So how did
Now all the cards are on the table, from both a business and PR standpoint it would appear to me that since 40% of the offered lots were bought in, Sotheby's probably would have done better if they had insisted on selling the drawings as a group. (I must admit I know nothing of the backroom antics, certainly the speculator who owned the drawings wanted to realize the highest price possible, so…)
I would also note that of the 19 lots, only 5 (26%) were sold at, or above the presale low estimate. (The presale estimates do not include the "buyers premium" but the reported sales price does, so I Calculated a "Gavel Price" with no premium for the comparisons.) The speculators, who offered the Blake drawings for sale, are probably happy. It appears they have made back close to their original investment and still own eight of the drawings which they can peddle piecemeal to realize a profit on the bet. Business is business.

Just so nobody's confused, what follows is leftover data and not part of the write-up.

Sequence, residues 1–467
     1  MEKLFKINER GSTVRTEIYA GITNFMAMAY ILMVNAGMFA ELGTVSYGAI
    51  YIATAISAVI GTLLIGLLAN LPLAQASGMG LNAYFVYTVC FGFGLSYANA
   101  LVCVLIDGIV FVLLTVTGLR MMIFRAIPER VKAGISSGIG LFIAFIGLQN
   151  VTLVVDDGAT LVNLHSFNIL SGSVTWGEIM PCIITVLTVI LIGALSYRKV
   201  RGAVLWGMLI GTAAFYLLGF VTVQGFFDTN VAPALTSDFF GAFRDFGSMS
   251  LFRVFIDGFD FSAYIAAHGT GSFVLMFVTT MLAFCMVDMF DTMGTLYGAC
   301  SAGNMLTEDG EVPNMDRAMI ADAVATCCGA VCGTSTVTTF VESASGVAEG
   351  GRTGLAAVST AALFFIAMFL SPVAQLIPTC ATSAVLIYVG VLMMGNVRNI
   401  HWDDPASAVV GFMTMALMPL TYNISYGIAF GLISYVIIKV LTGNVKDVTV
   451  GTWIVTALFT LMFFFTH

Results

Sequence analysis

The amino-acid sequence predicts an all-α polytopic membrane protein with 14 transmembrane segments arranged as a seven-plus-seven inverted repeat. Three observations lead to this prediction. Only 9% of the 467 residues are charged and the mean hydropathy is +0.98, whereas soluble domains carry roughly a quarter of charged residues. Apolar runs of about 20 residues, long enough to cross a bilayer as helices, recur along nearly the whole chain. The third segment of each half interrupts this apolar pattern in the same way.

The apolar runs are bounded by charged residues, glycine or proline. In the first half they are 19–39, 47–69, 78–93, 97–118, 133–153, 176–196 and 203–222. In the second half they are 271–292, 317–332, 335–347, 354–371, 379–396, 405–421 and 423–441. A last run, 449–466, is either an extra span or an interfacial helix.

I suspect the sale probably was a bit of a disappointment for Sotheby's. After an initial buying frenzy, it appears the bidders felt that even the presale low estimates were a bit off the mark and became more cautious about raising the paddle. Or, the auction market is starting to soften, and the results from the sale of the Blake drawings are the first indication this may be the case. (… I know, Picasso and Van Gogh, but later on that…)